By now, you’ve probably been to Mile End’s new tea room. At Cardinal, one can experience a rare moment of British history in Canada’s least colonial city—i.e. sitting down to tea and scones like proper English gentlefolk. Though the Sparrow-adjoined space is the latest expression of Montreal’s love for refined caffeination, fancy tea is no new thing.
Despite its effortless Victorian–chic ambience, Cardinal aims to make the kind of tea Queen Victoria drank accessible to the rest of us plebs by fostering a casual atmosphere. You don’t need reservations, mild manners or deep pockets to sip the Cardinal’s tasty brews. And that’s all well and good for most of us, but if you actually want the royal treatment, you go to the Ritz.
Since the Hotel St. James stopped its service in 2009, the Ritz became one of the city’s only destinations for deluxe afternoon tea (the other being the Fairmont/Queen Elizabeth Hotel). From 2010 to 2012, Montreal’s century-old Ritz-Carlton was restored to its former regal, neo-classical glory, recalling an era when three quarters of Canada’s wealth resided within a three-block radius of its walls. Much of the original façade, moldings and architecture have been maintained—a fact that is immediately evident upon entering the lobby’s Palm Court.
The Palm Court, an open room bedecked by softly lit chandeliers, an actual fireplace, and enough pastel velvet to make anyone feel like a queen, is the first thing you see as you walk through the Ritz’s gilded revolving doors. This is the room where Paul Giamatti’s fictional wedding receptions take place in the film Barney’s Version. It’s the room bordering the ballroom where Elizabeth Taylor and Richard Burton got married in 40 years ago. It’s the room that former Ritz-Carlton owners once sat above, sipping cognac, spying on the hotel’s new guests, who were among Canada’s richest. It’s a room that offers a rare glimpse into Montreal’s ghostly British history. Appropriately, this is the room where Afternoon Tea is served.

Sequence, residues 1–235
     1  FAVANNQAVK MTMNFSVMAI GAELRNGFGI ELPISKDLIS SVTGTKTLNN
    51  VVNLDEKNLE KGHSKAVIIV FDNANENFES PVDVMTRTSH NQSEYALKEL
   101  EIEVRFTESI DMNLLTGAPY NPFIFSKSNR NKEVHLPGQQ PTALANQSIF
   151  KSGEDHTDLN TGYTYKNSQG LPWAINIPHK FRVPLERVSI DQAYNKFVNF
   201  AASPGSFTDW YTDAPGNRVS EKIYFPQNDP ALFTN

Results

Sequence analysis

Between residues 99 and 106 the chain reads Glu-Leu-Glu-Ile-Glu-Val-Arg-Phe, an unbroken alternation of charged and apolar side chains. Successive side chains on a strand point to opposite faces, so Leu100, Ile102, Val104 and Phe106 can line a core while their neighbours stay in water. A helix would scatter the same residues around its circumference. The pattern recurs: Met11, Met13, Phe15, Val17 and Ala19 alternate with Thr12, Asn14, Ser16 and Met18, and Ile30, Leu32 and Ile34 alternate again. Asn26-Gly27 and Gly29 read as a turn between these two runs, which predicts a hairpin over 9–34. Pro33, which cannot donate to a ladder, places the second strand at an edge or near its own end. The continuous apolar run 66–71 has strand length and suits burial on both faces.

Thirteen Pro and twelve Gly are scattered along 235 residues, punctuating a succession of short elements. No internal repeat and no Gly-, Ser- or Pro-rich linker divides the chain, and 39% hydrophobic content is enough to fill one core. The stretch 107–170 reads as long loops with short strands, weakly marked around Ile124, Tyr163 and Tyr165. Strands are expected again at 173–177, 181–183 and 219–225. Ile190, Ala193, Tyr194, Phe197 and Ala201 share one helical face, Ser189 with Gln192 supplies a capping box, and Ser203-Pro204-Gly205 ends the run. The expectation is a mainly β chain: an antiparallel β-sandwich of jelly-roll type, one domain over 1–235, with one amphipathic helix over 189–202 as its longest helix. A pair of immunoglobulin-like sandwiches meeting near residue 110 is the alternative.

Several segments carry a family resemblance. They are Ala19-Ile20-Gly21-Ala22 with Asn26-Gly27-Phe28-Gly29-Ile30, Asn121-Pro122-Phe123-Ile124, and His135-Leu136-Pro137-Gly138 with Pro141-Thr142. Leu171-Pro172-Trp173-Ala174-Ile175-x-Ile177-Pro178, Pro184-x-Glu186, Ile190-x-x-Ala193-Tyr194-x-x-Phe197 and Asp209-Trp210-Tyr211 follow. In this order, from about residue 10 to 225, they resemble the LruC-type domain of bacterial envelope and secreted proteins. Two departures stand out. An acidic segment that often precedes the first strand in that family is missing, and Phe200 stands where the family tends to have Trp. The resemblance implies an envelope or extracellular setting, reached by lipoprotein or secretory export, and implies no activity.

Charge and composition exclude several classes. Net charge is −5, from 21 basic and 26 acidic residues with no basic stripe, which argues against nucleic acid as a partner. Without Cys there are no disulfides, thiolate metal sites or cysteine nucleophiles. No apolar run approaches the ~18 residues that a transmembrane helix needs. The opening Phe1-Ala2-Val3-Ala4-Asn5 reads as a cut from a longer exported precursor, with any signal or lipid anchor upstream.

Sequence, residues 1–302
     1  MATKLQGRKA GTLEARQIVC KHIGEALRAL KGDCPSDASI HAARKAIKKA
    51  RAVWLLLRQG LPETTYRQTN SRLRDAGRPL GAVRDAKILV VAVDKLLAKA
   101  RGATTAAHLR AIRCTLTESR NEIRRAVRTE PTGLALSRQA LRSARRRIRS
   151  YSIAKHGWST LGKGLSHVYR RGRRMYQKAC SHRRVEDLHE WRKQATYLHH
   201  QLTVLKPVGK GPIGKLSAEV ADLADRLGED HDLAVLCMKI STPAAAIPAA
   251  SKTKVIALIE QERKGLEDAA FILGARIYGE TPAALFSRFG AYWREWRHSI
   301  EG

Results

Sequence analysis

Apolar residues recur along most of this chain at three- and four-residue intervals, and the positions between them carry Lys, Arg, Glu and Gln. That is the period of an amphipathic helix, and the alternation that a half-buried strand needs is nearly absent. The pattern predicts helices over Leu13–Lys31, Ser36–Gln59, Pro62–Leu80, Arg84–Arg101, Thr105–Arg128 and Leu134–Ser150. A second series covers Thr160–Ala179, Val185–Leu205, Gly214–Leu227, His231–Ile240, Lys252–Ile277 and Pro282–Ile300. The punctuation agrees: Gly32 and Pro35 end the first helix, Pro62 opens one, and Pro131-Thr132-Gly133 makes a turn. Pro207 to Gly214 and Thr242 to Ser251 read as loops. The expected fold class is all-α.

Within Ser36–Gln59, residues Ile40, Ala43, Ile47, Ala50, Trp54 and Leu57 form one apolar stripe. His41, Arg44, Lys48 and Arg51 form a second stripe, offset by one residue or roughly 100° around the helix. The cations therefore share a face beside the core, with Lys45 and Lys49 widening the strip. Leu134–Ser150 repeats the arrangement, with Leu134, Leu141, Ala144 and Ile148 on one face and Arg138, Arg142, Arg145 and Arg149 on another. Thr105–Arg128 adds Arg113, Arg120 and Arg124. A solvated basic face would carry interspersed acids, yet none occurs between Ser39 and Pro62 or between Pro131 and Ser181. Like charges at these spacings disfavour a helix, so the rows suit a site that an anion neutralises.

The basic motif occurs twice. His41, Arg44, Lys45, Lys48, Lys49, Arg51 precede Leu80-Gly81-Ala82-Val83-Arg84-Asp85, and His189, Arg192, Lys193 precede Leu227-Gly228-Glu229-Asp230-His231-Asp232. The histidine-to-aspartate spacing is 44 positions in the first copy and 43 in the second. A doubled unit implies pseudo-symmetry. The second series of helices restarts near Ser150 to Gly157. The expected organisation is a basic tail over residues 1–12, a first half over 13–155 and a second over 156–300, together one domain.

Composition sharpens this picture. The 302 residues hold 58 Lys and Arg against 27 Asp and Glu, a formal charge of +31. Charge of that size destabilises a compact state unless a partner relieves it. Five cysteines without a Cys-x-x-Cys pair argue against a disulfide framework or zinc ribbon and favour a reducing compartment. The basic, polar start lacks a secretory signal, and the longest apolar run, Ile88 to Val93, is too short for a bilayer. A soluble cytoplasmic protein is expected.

Though I fully appreciated the irony of partaking in such a British ceremony at the height of provincial-election season, I can hardly regret spending a late-March Saturday afternoon pretending to be a richer, better looking, more luxurious tea drinker than I actually am. Afternoon Tea at the Ritz is served in two sittings, at 1:30 and 4:30 p.m., beneath a ceiling of painted palms that turn the Palm Court’s pastel sophistication into a sort of elegant jungle. When I arrived for the 1:30 sitting, three couples had already been denied for not making a reservation (don’t make the same mistake if you plan on attending; their shame was palpable).
You can expect to pay about $80 for two, and that’s without champagne. The nosh includes an elegant silver platter of warm English scones, crustless sandwiches (including tomato, smoked salmon, cucumber and chicken), and about six of the most beautiful miniature pastries I’d ever seen. Did I mention clotted cream? In true British style, the scones come with both clotted cream and rose jelly.
The server assured me that all items on the menu are made in-hotel, something not all hotels offering tea service can boast of, especially those providing “Devonshire cream.” “We call it clotted cream on our menu because that’s what it is. We made it here—not in Devonshire,” our server reflected proudly.
Trust me, after that plate of refined deliciousness, the tea was hardly even the main event. However, the Ritz supplies a lengthy list of flavours, and each tea drinker receives their own English-style china teapot.
All this pomp and ceremony transforms tea into a social beverage, like beer, rather than the solitary way that I’m used to drinking it—when I’m cold and sick. Drinking tea with friends should be a celebratory event draped in ritual, if only performed once in a blue moon. Let’s be serious—it’ll never replace a cup of morning joe. ■